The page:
American manufacturer Church & Dwight Co. recently increased prices on 30 percent of its products, Fortune is reporting. Church & Dwight Co. is behind many popular household products such as Arm & Hammer baking soda and cat litter and OxiClean products — which are all seeing a price increase. Church & Dwight’s CEO Matthew Farrell stated last week that the company is discussing with retailers whether to spike prices for even more products, namely personal care items.
Why the rise? Reportedly, the company’s gross margin for the last quarter didn’t quite meet their goal. This could be due to the rapidly growing number of household businesses in the industry, as well as U.S. tariffs affecting the cost of the raw materials needed to make the products and the transportation of those materials. Even if you don’t typically purchase Church & Dwight Co. products, you could still be in danger of seeing a price increase on the household products you do use. According to Wells Fargo Securities analyst Bonnie Herzog, many other companies have decided to raise the prices of their own products to compete with Chuck and Dwight Co. products.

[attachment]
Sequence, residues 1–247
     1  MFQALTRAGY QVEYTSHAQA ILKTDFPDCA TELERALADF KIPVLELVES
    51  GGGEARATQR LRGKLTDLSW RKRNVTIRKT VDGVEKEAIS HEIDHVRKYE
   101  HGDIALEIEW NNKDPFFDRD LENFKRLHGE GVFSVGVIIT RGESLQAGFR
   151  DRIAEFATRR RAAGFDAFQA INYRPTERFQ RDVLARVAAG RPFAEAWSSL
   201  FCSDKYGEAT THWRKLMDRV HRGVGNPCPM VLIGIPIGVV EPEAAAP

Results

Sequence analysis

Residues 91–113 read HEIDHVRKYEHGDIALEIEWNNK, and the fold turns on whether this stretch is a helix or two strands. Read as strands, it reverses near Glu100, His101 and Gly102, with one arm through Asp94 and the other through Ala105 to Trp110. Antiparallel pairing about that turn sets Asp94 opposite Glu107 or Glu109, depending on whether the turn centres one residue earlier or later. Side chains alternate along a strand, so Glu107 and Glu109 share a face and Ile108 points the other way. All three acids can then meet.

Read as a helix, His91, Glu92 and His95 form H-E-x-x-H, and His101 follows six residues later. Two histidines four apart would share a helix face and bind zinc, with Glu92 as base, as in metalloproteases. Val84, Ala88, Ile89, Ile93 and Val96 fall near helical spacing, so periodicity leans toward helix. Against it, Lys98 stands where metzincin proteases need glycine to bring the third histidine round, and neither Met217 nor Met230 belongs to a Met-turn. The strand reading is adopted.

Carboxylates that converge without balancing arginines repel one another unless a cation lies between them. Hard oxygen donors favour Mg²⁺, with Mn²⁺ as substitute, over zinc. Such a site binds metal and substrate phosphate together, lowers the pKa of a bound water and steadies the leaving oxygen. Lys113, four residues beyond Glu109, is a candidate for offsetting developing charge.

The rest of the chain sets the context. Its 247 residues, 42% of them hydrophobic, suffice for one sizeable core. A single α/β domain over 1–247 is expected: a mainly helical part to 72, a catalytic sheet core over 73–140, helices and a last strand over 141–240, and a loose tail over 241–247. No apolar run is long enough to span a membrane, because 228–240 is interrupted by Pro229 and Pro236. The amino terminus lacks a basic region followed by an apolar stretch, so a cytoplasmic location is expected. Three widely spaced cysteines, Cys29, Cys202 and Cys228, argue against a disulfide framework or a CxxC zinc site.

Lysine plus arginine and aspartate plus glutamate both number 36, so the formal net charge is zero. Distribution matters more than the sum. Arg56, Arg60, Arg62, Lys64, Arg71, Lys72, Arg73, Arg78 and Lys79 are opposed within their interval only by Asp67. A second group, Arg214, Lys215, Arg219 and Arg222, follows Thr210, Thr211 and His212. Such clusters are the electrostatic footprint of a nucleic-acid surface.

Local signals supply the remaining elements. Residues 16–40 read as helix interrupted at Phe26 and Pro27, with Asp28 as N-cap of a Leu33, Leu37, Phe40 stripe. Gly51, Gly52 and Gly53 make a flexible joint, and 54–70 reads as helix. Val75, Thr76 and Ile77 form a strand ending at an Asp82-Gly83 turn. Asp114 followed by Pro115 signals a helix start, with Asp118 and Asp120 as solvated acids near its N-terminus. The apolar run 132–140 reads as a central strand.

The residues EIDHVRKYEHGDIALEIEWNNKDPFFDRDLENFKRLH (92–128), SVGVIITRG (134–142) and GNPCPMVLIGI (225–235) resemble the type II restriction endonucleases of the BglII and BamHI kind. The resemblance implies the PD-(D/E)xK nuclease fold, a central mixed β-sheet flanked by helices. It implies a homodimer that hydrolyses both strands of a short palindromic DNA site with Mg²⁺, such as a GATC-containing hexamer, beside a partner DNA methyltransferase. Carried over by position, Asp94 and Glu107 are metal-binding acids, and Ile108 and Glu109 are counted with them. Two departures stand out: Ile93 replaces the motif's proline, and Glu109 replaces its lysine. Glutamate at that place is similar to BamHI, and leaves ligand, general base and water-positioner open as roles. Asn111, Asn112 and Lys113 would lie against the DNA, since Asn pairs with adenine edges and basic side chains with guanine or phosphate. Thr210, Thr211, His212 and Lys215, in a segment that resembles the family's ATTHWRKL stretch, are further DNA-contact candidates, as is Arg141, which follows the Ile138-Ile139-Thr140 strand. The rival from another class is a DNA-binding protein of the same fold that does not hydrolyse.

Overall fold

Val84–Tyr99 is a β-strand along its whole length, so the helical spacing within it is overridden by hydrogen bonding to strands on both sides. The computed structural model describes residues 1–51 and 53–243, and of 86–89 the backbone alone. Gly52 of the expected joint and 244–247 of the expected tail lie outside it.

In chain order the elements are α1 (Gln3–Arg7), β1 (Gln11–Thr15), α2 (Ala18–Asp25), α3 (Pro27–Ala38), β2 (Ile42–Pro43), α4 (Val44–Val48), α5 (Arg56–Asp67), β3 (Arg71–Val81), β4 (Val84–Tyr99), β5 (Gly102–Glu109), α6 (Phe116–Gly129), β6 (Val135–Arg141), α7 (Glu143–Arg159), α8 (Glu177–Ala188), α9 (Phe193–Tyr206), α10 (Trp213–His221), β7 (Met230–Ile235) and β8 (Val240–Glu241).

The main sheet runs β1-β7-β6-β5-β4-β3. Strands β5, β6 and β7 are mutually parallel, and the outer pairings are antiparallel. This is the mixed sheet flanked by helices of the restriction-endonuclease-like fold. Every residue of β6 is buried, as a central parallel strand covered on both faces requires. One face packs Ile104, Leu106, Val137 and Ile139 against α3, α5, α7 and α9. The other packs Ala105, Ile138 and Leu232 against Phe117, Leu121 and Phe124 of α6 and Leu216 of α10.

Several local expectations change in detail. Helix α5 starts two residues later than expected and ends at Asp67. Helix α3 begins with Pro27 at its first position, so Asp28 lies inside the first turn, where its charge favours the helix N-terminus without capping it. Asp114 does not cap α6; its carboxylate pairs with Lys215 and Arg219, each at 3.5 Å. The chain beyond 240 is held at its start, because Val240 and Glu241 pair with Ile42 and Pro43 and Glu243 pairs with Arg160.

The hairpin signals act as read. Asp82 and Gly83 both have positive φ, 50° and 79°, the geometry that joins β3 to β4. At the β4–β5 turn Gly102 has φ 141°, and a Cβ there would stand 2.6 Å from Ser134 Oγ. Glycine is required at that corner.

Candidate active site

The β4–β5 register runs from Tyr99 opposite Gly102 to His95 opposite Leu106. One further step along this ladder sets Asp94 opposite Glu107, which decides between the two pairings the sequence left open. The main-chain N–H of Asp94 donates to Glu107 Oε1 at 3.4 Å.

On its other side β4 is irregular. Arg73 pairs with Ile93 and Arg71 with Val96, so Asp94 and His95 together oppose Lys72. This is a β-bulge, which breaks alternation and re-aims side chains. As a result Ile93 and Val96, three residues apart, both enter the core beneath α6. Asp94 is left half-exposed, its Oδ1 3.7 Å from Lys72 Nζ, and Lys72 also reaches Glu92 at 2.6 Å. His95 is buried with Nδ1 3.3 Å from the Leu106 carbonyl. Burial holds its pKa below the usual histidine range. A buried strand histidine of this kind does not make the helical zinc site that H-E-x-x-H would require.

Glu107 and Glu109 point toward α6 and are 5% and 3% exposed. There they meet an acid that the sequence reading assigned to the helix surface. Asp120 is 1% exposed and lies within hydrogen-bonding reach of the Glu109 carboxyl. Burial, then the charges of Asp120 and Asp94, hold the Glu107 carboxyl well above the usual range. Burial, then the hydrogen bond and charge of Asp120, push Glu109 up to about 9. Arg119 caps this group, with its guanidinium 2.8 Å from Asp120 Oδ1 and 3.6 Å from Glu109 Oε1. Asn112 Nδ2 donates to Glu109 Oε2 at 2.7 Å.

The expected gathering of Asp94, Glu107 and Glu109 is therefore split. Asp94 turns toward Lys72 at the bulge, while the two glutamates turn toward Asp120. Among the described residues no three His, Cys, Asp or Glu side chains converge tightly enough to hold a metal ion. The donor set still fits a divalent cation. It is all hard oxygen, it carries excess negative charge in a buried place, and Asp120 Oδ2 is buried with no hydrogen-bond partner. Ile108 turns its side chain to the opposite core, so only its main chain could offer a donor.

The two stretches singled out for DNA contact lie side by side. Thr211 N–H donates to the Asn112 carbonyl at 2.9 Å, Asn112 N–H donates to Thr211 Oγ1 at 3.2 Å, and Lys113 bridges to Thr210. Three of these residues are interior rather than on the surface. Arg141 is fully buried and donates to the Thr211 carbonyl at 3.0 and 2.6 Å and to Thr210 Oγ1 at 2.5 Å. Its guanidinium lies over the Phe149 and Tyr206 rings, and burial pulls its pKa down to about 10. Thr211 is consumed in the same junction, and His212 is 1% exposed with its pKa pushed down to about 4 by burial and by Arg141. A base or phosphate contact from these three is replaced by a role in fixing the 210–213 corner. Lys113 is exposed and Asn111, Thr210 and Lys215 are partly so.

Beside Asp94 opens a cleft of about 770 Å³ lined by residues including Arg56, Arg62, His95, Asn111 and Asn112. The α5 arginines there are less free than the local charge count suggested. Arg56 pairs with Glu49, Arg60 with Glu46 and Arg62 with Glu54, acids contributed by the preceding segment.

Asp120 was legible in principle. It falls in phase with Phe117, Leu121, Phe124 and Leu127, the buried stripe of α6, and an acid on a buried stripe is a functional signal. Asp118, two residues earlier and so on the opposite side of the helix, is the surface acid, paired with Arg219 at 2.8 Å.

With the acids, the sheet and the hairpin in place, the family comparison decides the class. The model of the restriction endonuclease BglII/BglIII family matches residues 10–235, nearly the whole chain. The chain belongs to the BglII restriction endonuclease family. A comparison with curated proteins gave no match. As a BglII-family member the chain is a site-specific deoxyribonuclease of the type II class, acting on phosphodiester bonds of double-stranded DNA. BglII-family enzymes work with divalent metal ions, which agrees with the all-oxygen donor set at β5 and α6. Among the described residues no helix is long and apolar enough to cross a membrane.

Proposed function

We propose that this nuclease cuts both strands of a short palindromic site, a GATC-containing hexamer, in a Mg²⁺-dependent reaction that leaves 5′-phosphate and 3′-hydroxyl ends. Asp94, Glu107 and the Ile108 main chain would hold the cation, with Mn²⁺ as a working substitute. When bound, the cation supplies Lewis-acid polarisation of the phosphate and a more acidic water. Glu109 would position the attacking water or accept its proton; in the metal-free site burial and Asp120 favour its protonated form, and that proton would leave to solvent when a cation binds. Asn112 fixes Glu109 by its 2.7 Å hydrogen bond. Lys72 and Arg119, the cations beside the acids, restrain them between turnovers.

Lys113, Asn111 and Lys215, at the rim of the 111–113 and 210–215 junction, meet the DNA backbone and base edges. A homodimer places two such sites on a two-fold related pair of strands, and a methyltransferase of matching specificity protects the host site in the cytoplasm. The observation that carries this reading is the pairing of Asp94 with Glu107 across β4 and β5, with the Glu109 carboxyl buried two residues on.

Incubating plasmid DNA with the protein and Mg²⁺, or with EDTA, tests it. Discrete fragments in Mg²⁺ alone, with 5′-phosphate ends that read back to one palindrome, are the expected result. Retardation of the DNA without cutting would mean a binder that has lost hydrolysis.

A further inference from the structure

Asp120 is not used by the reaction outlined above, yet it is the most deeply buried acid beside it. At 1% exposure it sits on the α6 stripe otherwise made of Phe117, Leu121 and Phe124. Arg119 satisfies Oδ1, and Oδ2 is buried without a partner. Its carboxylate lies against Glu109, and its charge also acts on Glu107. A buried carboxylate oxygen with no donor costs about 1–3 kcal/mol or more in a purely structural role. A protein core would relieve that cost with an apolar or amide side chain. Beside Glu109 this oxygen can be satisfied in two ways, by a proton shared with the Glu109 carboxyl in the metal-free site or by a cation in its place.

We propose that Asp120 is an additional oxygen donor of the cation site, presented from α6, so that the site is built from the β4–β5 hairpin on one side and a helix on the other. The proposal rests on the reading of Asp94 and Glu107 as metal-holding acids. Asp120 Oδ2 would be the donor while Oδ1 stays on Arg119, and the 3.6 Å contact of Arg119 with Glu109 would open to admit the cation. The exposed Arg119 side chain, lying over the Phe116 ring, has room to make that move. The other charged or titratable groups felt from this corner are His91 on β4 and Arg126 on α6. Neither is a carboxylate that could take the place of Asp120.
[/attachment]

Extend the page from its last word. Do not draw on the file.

While prices may be higher, the company also plans to introduce some new products too. They are preparing to market more Arm & Hammer cat litter options, new OxiClean laundry detergents, and the first combined flossing toothbrush.
“Innovation continues to be a big driver of our success,” said Farrell.
“In support of our long-term strategy to drive revenue and earnings growth, we are pleased to announce 2019 new product launches in several categories.”
— Bob Googli (@googli_bob) February 6, 2019
While Church & Dwight Co. did see success in raising prices on some things last year, it remains to be seen whether 2019’s price hike will see the same — or better — results. The higher prices could actually result in decreased sales and an overall decreased revenue and gross margin. An article from the Wall Street Journal detailed that competitors are respinding with their own price hikes. One buyer shared that after he saw Procter & Gamble’s Charmin products being sold at a higher price, he decided to go with the Costco brand of the same product instead due to it being cheaper.
“I am a fairly loyal consumer of Charmin, but I will not pay $23 for the pack,” said Tyler Aftab, a 35-year-old teacher in New Jersey. “I will wait until those prices come down,” she added.
Still, Church & Dwight Co. are expecting their price hikes to ultimately bring the company success.
“We expect full year 2019 sales growth to be approximately 3.5 percent reflecting strength in all three of our businesses with exciting new product introductions across our most important categories,” said Farrell.